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The impact of climate change on extreme precipitation in Sicily, Italy

  • Autori: Forestieri, A.; Arnone, E.; Blenkinsop, S.; Candela, A.; Fowler, H.; Noto, L.
  • Anno di pubblicazione: 2018
  • Tipologia: Articolo in rivista (Articolo in rivista)
  • OA Link:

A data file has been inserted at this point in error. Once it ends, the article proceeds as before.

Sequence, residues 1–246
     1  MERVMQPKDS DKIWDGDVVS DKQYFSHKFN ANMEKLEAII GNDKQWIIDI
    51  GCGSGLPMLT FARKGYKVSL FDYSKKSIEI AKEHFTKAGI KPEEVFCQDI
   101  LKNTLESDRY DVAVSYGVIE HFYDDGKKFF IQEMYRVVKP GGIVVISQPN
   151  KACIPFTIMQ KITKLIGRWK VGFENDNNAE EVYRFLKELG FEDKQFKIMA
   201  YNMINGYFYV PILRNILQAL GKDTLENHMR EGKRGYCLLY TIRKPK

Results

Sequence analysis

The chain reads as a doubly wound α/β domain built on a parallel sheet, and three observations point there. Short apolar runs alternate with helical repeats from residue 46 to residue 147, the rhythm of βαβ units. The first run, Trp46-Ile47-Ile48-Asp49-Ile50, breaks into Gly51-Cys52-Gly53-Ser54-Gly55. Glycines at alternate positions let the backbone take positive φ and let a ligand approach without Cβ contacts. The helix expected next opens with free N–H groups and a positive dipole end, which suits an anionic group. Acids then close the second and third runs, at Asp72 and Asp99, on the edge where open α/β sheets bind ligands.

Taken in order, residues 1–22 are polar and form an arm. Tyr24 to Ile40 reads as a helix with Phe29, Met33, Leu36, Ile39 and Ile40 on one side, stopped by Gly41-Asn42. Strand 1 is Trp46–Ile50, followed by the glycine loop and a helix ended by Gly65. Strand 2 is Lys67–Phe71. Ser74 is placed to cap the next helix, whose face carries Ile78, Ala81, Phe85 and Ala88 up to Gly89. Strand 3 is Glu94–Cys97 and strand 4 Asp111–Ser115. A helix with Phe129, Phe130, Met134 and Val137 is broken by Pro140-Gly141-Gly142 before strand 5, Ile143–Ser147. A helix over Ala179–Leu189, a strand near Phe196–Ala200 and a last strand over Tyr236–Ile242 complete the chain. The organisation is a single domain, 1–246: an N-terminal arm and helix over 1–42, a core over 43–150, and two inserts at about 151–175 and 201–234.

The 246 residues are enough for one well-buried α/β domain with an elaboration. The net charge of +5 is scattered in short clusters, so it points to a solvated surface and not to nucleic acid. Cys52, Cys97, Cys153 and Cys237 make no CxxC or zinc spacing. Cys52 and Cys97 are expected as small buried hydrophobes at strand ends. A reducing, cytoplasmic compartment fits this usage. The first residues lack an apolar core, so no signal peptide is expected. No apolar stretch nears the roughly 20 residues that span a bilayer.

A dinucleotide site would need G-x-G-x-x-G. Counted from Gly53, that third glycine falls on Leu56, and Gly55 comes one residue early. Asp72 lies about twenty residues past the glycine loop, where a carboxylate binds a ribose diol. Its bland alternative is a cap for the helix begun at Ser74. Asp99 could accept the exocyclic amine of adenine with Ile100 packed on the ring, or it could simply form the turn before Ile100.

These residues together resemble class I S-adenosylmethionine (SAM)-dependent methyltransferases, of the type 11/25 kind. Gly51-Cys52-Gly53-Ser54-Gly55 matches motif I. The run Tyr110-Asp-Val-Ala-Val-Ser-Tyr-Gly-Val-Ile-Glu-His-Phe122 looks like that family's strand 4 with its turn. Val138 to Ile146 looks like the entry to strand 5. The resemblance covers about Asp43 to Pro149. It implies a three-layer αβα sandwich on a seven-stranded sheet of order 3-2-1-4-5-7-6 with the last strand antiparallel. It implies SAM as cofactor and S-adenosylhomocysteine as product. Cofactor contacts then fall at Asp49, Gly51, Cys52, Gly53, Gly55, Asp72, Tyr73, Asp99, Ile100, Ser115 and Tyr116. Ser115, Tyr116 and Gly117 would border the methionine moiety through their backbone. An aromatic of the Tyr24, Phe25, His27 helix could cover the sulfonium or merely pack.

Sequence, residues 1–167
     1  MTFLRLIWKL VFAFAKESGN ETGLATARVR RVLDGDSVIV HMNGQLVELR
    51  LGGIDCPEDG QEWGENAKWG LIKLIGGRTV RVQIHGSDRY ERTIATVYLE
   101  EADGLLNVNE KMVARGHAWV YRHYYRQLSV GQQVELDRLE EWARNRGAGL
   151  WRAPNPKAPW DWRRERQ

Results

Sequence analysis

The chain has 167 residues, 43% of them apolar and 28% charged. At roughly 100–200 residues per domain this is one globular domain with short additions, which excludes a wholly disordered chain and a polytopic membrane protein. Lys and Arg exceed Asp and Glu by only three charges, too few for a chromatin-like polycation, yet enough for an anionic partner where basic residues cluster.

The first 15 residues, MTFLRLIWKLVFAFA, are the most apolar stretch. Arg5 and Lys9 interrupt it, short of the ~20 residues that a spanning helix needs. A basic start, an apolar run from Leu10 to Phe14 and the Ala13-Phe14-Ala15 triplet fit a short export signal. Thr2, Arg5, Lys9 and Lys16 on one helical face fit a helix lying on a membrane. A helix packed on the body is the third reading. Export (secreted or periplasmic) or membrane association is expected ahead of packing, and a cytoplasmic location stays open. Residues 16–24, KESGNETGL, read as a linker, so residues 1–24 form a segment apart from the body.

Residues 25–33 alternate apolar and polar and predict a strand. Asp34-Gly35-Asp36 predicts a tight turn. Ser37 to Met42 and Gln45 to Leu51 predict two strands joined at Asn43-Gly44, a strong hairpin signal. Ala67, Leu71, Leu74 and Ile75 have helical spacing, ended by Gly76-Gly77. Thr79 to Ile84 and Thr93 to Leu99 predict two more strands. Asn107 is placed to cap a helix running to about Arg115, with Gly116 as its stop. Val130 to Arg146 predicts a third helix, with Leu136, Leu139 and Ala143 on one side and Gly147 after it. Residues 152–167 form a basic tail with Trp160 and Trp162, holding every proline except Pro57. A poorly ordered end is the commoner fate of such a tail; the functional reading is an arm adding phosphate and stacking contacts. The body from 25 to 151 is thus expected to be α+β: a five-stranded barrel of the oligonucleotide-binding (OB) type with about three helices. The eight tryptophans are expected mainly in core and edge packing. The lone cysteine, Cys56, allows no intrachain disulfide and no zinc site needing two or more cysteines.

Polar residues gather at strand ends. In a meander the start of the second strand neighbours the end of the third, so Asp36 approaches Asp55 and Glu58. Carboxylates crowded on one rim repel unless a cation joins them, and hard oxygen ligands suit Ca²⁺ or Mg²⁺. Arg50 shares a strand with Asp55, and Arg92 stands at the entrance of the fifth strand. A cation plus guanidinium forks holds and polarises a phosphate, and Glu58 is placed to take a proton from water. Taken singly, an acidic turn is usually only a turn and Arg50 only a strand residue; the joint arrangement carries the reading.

Increasing precipitation extremes are one of the possible consequences of a warmer climate. These may exceed the capacity of urban drainage systems, and thus impact the urban environment. Because short-duration precipitation events are primarily responsible for flooding in urban systems, it is important to assess the response of extreme precipitation at hourly (or sub-hourly) scales to a warming climate. This study aims to evaluate the projected changes in extreme rainfall events across the region of Sicily (Italy) and, for two urban areas, to assess possible changes in Depth-Duration-Frequency (DDF) curves. We used Regional Climate Model outputs from Coordinated Regional Climate Downscaling Experiment for Europe area ensemble simulations at a ~12 km spatial resolution, for the current period and 2 future horizons under the Representative Concentration Pathways 8.5 scenario. Extreme events at the daily scale were first investigated by comparing the quantiles estimated from rain gauge observations and Regional Climate Model outputs. Second, we implemented a temporal downscaling approach to estimate rainfall for sub-daily durations from the modelled daily precipitation, and, lastly, we analysed future projections at daily and sub-daily scales. A frequency distribution was fitted to annual maxima time series for the sub-daily durations to derive the DDF curves for 2 future time horizons and the 2 urban areas. The overall results showed a raising of the growth curves for the future horizons, indicating an increase in the intensity of extreme precipitation, especially for the shortest durations. The DDF curves highlight a general increase of extreme quantiles for the 2 urban areas, thus underlining the risk of failure of the existing urban drainage systems under more severe events.